- Salutation (1:1, 2)
- Personal matters (1:3-12)
- The coming of the Lord (2:1-17)
- Final instructions (3:1-15)
- Benediction and salutation (3:16-18)
Authorship, date, and background
See the introduction to 1 Thessalonians. This second letter was written shorthly after 1 Thessalonians by Paul at Corinth (A.D. 50-51). Paul had written the first letter to instruct believers about matters having to do with the second advent of the Lord Jesus. Apparently they misunderstood what he had said. He had emphasized the imminence of the Lord's coming. The results of that teaching were quite different from what the apostle expected. Instead of getting down to business as they waited for his coming, some of them thought that the day of the Lord had already started. Others thought that he was coming so soon that they stopped work and waited idly. They had missed the point that Jesus will come as a thief in the night and at a time when men do not expect him. But no dates were set. As a consequence, Paul received disheartening news from Thessalonica about this situation. It occasioned the writing of the second letter to straighten them out. One statement made by Paul seems to suggest that the Thessalonians had been led astray by wrong teaching from unauthentic sources. Paul alluded to this in his letter when he said, "Now we beseech you, brethren, by the coming of our Lord Jesus Christ,... that ye be not soon shaken in mind, or be troubled, neither by spirit, nor by word, nor by letter as from us, as that the day of Christ is at hand." (2:1, 2). The speed with which Paul wrote the second letter after having composed the first one a short time before indicates his deep concern for the believers, he distate for the erroneous doctrine, and his pastoral heart which demanded immediate action on his part.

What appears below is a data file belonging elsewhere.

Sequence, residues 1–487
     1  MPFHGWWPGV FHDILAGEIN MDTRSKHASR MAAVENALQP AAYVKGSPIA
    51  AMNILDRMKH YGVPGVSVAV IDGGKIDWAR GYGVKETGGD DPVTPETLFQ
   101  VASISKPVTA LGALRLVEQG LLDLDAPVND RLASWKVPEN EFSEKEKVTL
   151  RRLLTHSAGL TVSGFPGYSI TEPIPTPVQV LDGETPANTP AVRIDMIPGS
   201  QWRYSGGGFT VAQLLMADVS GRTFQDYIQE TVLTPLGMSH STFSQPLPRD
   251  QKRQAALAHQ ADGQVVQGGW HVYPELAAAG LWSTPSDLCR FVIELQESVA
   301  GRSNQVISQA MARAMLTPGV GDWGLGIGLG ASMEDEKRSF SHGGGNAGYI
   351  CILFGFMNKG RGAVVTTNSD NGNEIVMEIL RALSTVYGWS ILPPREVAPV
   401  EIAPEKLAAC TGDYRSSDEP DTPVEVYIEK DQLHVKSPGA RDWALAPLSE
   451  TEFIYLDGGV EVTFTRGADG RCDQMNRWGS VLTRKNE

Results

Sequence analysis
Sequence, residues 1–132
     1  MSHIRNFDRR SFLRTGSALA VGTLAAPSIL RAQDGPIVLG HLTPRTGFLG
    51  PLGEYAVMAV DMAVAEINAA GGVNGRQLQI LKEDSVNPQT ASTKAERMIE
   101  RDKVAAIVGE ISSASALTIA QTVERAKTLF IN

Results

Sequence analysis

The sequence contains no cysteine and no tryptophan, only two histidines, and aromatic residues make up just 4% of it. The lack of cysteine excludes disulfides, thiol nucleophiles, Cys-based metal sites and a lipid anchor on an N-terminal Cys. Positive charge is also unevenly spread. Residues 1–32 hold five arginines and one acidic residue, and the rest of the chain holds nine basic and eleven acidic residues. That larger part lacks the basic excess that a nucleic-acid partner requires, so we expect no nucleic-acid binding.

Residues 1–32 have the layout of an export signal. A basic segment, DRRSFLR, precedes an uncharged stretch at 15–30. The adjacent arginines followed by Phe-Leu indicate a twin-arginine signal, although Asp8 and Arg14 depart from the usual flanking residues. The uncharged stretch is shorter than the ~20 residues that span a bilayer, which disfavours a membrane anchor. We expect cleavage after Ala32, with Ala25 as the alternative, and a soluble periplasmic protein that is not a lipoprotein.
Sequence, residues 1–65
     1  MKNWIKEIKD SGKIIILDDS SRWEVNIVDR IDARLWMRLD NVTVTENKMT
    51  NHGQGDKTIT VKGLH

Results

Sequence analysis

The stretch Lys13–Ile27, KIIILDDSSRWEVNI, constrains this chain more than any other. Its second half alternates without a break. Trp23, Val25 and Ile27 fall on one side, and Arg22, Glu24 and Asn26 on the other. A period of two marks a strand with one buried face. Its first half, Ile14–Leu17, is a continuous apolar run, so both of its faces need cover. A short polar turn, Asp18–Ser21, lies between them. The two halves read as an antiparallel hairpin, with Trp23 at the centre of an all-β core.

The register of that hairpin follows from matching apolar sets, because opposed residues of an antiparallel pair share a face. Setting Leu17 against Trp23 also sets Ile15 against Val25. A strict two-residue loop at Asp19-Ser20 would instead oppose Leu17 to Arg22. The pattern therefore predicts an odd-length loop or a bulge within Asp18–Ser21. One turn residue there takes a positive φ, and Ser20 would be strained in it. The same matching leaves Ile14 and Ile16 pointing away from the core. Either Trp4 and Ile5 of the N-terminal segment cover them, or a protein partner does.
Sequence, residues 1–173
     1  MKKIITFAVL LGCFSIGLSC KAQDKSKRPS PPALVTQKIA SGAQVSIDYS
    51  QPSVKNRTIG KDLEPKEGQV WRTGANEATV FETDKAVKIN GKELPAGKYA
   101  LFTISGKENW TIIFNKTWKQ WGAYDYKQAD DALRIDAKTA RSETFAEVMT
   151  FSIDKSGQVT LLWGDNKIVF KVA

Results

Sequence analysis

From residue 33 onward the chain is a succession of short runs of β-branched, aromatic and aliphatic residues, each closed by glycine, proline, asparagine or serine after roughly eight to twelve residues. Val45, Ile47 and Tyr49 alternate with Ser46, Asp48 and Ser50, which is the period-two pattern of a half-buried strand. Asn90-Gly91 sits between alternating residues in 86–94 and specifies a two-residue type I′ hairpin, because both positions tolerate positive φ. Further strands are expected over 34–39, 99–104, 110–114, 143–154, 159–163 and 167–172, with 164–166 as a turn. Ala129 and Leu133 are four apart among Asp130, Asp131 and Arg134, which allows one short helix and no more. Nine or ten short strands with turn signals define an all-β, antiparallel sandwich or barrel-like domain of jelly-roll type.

Characteristics and content
It is not clear to believers today what some of the conditions are which will be a sign of the end of the age and the coming of the Lord. Paul's references certainly must have been clear to the Thessalonians, but they are less clear to us. He tells them that the day of the Lord has not started and it will not commence until after certain events occur. The first is the appearance of "the man of sin," who will cause many others to rebel against God. It is a period of sudden and rapidly accelerating apostasy from godliness.
Second, this will not occur until the removing or the stepping out of the way of the one who is holding him back. Who the hinderer is, Paul does not say. Some have thought this refers to the Holy Spirit, whose presence they think will be withdrawn, and if such an event were to occur, society would crumble because the restraining power of the Spirit would no longer hold things together. But this cannot be certain, and eminent commentators disagree. Believers had best be tentative in their efforts to identify the "hinderer".
Third, the evil one who will come is he "who opposeth and exalteth himself above all that is called God, or that is worshipped; so that he as God sitteth in the temple of God, shewing himself that he is God" (2:4). He is the one "whose coming is after the working of Satan with all power and signs and lying wonders" (2:9). Obviously this has not occurred at the time Paul writes his letter. Nor has it occurred at any time since then. Therefore it is still future. Until this happens, believers can know that any reports of the Lord's having come are untrue. Meanwhile they are to keep on doing the will of God as though Christ were to tarry for another thousand years. Yet they are to work as though he will come tonight.